1st Battalion, 2nd Aviation Regiment
"Gunfighters" / "Strike Deep"
In 2005, the 2nd Infantry Division's Aviation Brigade was inactivated, reorganized and redesignated as the 2nd Combat Aviation Brigade, which was subsequently reactivated. 6th Cavalry Brigade was inactivated and reflagged as the 2nd Combat Aviation Brigade in the process, while 17th Aviation Brigade was inactivated and some of its units reflagged as elements of the new Brigade. Both the 6th Cavalry Brigade and the 17th Aviation Brigade had been organic to Eighth United States Army, and as a result, the 2nd Combat Aviation Brigade gained responsibility for aviation support for all of Eighth US Army in addition to the 2nd Infantry Division.
Prior to the transformation, part of both the transformation of the 2nd Infantry Division to the US Army's new modular force structure and the reorganization of US forces in Korea, the 1st Battalion, 2nd Aviation Regiment's mission was to, on order, transitions to war and perform reconnaissance and security operations to allow 2nd Infantry Division to execute OPLAN 5027. The 1st Battalion consisted of 5 companies: HHC, A, B, C and D. The HHC was the Headquarters and Support company; A, B and C companies were the 3 Apache line companies, while Delta was the Aviation Unit Maintenance Company (AVUM).
The 2nd Battalion, 2nd Aviation Regiment traces its lineage to Company A, 2nd Aviation Battalion, first constituted in September 1961. During the Korean War, the military application of helicopters achieved recognition through their use in Medical Evacuations (MEDEVAC). Small H-13 and H-23 helicopter detachments transported injured soldiers from areas of fighting to Mobile Army Surgical Hospital (MASH) units. Battlefield mortality rates dropped from World War II averages. By November 1951 helicopters had evacuated 8,000 casualties. The 2nd Infantry Division had a detachment that consisted of both rotary and fixed wing assets. When the armistice ended the major fighting in Korea in July of 1953, the aviation sections were pooled together to form a test unit to develop a combat aviation company.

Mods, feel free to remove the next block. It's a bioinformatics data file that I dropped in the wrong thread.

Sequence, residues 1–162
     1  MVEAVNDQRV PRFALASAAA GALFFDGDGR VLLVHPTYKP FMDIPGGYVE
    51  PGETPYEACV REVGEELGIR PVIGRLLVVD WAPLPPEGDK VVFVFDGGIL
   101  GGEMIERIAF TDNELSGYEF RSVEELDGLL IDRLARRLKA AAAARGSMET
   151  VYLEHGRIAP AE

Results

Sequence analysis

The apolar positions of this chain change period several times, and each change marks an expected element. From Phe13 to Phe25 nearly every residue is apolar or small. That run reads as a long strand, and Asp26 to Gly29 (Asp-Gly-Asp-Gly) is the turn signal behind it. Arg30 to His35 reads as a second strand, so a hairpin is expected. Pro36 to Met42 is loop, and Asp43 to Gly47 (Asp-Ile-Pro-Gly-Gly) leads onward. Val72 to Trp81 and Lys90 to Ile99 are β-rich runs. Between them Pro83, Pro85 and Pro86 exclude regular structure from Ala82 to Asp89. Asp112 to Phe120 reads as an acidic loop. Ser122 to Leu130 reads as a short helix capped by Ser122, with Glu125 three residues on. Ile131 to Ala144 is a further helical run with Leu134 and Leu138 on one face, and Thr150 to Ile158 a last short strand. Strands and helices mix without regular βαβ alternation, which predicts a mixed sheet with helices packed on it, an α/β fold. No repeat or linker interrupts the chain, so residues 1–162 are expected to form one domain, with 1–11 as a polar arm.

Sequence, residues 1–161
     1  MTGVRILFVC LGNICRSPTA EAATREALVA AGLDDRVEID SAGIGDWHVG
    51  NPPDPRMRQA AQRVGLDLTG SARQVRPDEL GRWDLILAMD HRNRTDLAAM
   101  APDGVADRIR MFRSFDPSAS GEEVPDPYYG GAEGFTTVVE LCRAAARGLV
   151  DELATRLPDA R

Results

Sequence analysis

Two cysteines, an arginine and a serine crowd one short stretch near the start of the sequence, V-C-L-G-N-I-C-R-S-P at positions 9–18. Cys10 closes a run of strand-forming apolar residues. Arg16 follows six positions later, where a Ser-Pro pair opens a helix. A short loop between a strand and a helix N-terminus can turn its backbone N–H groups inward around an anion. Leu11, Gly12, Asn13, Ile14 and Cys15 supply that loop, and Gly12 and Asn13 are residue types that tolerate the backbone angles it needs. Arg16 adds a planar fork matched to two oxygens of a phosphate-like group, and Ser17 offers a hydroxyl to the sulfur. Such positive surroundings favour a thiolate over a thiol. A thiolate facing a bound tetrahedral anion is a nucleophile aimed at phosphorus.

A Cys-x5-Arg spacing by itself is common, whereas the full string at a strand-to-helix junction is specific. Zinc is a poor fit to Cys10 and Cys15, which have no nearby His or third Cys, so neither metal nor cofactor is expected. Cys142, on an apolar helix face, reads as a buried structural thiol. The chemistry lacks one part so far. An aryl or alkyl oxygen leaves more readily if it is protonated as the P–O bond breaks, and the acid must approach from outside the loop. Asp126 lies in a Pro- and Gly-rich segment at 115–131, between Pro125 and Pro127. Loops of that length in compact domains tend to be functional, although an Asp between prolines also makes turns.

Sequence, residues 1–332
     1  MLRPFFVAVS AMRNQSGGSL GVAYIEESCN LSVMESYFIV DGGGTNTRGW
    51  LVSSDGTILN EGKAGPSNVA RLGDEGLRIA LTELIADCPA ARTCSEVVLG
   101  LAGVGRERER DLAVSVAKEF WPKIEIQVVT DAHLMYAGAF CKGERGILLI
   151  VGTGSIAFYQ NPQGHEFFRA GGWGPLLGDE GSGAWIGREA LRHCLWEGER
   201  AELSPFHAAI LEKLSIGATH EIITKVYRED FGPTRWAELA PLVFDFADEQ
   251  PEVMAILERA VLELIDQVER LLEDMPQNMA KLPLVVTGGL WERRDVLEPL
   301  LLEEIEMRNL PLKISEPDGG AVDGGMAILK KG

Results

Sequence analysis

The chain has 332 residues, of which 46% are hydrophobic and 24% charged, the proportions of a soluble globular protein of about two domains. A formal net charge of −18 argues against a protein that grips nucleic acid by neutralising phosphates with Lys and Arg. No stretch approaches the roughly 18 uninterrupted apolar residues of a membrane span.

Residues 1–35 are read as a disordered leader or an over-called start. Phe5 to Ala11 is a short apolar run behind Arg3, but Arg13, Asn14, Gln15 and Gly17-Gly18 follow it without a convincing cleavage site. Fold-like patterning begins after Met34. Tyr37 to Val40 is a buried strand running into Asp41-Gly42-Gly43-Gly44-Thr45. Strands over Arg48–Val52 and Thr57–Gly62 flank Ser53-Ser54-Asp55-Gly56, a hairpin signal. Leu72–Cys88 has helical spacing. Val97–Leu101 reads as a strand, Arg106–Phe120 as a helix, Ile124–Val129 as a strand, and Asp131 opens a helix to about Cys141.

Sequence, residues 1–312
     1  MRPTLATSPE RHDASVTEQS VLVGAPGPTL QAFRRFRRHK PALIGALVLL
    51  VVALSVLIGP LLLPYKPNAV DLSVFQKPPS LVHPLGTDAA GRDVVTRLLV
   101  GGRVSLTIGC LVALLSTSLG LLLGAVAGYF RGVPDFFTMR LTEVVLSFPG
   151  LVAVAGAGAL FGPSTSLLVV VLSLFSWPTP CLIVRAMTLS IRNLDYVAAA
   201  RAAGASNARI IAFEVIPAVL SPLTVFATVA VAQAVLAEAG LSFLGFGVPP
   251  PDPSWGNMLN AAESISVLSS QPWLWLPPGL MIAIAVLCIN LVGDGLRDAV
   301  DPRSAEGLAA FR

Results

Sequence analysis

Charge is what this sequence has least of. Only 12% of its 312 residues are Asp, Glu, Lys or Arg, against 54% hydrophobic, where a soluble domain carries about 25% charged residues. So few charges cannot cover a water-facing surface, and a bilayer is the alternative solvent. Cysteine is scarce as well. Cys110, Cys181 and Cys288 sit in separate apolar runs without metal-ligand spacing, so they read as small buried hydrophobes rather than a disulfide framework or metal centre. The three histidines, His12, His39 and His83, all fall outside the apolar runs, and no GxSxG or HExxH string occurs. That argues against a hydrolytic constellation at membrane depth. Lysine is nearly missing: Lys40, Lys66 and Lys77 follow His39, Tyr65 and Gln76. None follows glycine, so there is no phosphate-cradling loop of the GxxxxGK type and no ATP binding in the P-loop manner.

In the summer of 1954, the 2nd Infantry Division was transferred to Fort Lewis, Washington and moved to Alaska 2 years later. At Fort Richardson, Alaska the combat aviation company was consistuted on 20 June 1957. The activation of the 2nd Aviation Company created a unit to provide support to the Division, as well as the Infantry School at Fort Benning, Georgia, where the 2nd Infantry Division moved in 1958.
In September 1961 , the 2nd Aviation Company's mission changed from a training role to a combat ready role and the company was expanded into a Battalion, the company becoming Headquarters and Headquarters Company, 2nd Aviation Battalion, with the rest of its organic units subsequently activated. The new Battalion consisted of a headquarters detachment and 2 companies. When the 2nd Aviation Company expanded to become Headquarters and Headquarters Company, 2nd Aviation Battalion and the rest of the Battalion was stood up, a crest was authorized. It consisted of a teal blue shield with a white mountain peak representing Mount McKinley, Alaska, where the original company was activated in 1957. The wings referred to the aviation function of the battalion. "Excelsus," embossed across a scroll at the bottom of the crest, meant "lofty: elevated in character and spirit."
A test division was created at Fort Benning to develop the battlefield value of air assault. There the 2nd Aviation Battalion acquired its new aircraft, the UH-1 Iroquois. The "Huey" would prove to be the workhorse of the aviation community for decades to come. Once the test division's success proved air assault a worthwhile venture, the Army made plans to disband the test division. Vietnam, altered these plans. and 2 Divisions swapped places, reflagging as each other. The 1st Cavalry Division, then in Korea, was reflagged as the 2nd Infantry Division, while the 2nd Infantry Division at Fort Benning was reflagged as the 1st Cavalry Division. This famous Division deployed to Vietnam, where the airmobile structure was combat tested.
In July 1965, the 2nd Infantry Division returned to Korea. The Division was assigned to take up the area of the Demilitraized Zone (DMZ) to the northwest of Seoul from the junction of the Han and Imjin Rivers to the area called "West Dagmar" 18 miles to the east, an area that included the area around the conference site at Panmumjom. To support the Division, the 2nd Aviation Battalion deployed its Headquarters Detachment and B Company to Stanton Army Airfield by the village of Sinsan-ni and A Company was located at Ascom City (which subsequently became Camp Market) to the east of Seoul. A Company was equipped with CH-21 Shawnee helicopters. By September of 1965, the O-1A's were transferred to the 55th Aviation Company and the 2nd Aviation Battalion became a rotary wing only unit. In October 1969, A Company moved from Ascom City to Stanton Army Airfield. By December 1969, all of the CH-21's were replaced by UH-1B and UH-1D Uroquois helicopters.